Exotic cars to roar into life at Devonport Motor Show
At the end of a gravel road in a serene bush setting in Northern Tasmania, Dean Causley works on restoring exotic and classic vehicles for car enthusiasts from around the globe to world standards. “It’s more of an artwork than a motor vehicle – some people put paint on canvas and we put paint on metal ’’, Dean said, as he looks over a Jaguar Series 2 E-Type. Dean will showcase cars he has restored at the Devonport Motor Show on March 22 along the Devonport foreshore. These include a:
- 1961 Series 1 E-Type Flat Floor Jaguar, which came to him in a thousand pieces.
- 1959 Aston Martin DB2, which arrived as a tired car from the UK, with a lot of rust.
- Aston Martin Zagato, a re-creation, hand-built and one of only five in Australia.
- 1958 Cadillac Coupe Deville, what he regards as the “family car’’
- Ultra White XY GT Falcon
- 1968 HK Panel Van, bought from the original owner who was in his 80s and about to send it to the crushers. Dean bought it just hours before it was crushed for just $100.
His love for exotic cars began at an early age. “In Grade 6 I was doing a school project and I discovered an old early FX Holden and I did a project on that. I then decided from there that was the car I wanted,’’ he said. “At the age of 13, I bought my first car, which was my old FX Holden. I had that until last year. I had that for 29 years”. One of his employers later got him into exotics and, eventually, he began Classic Auto Metal in 2000, which is now believed to be the largest car restorer in Tasmania. He is currently working on a variety of cars, including a 1963 250 GT Ferrari Lusso – one of four of its type in Australia.
“It’s stunning to work on a car of that caliber. Ferrari’s seem to be setting a new benchmark at auctions around the world at the moment”. A lot of work goes into restoring the vehicles from the detailed motor trimming, to the bodyworks using the dying art of an English Wheel which makes curved panels in both directions that are ideal for curvaceous exotic cars, through to premium spray paint works in a car’s original colour. “A lot of people say: `how do you work on one car for so long’ and I have to admit it usually takes two years and I don’t know where that time goes”.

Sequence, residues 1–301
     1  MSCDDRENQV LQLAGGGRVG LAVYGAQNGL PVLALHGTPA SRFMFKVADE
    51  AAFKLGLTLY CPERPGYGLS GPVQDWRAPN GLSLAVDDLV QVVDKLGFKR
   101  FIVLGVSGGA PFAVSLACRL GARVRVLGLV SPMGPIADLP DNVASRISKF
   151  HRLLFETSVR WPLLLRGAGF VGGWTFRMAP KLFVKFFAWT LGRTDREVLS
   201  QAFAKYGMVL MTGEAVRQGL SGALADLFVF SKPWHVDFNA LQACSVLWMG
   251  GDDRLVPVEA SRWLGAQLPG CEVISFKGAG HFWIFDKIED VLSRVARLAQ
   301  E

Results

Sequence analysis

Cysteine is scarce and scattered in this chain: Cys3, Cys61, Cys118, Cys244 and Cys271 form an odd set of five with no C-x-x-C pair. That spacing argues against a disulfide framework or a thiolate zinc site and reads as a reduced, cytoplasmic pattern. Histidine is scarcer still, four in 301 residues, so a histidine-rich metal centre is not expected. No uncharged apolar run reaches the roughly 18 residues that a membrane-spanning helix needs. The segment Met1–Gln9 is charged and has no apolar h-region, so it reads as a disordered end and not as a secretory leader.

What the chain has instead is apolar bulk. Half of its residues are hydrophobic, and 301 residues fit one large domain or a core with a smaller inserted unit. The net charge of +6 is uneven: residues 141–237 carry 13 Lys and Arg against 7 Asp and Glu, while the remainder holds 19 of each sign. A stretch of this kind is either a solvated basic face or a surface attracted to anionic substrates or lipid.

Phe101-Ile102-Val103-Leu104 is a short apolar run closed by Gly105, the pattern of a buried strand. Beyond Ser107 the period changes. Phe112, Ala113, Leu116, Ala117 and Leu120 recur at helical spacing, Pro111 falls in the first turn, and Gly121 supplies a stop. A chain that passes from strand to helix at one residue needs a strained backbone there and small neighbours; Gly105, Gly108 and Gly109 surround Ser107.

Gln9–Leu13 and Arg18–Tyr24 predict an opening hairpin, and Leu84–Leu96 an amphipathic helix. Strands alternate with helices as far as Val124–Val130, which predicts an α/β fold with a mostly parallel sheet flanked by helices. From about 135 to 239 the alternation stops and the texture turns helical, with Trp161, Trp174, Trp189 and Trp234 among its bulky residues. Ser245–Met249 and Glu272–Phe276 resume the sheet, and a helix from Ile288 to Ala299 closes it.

The organising and searching for hard to find parts often falls to his wife, Rebecca. The cars either arrive as a shell, completely tired and rusted or in thousands of pieces. Dean will then completely restore the vehicle. “We do everything from totally stripping the body shell to final assembling, so they just come in, turn the key and drive out again”, he said. “You do get attached to them. We always say it’s like one of the children leaving”. The Aston Martin and Jaguar fit perfectly with the feature car for this year’s Devonport Motor Show – the British Sports Car.
“I’ve always liked the Devonport Motor Show. That’s always one of the big ones I head for in Tasmania. It’s just a great family show – it has something for everyone. So the wife and the kids can come along. Devonport seems to tick a lot of boxes with that – there’s a lot to do, there’s lots of entertainment and the kids can amuse themselves’’. He said many car shows failed to add entertainment value to their events. The other big car show he attends annually is Motorclassica in October in the Melbourne Exhibition Building. “You have to have an exotic car and you have to be invited, but if you get a placing in that – which is where we want to take the Lusso to – then you have an opportunity to take it around the rest of the world. You can be accepted to Pebble Beach, which is like the ultimate in car shows, and Goodwood in the UK”. It’s at events like these where the quality of Dean’s work, along with a tight team, including Jon Bellinger, Adam Schmidtke and Damien Wing in the workshop, and nearby contractors, is evident. “The team and contractors I rely on are all based here in Northern Tasmania and are of world-class standard. When we go to Motorclassica they all say: ‘what, it was all done in Tasmania?’ They are shocked by what we’re able to produce. A car will never leave the workshop until it’s finished. It’s a group effort”.
Watch the video interview To see cars of this quality – often only seen at museums and big car shows – visit the Devonport Motor Show on Sunday, March 22 on the Devonport foreshore. Entry is $10 per adult. Children free. Categories to be judged at the show are All Vehicles – Top Ten Award, Veteran and Vintage, Early Classic, Late Classic, Early Modern, Late Modern, Ladies, Hot Rods, Utes, Motor Bikes pre 1971, Motor Bikes post-1970, Best British Sports Car and People’s Choice. #2015DevonportMotorShow#classiccarrestorations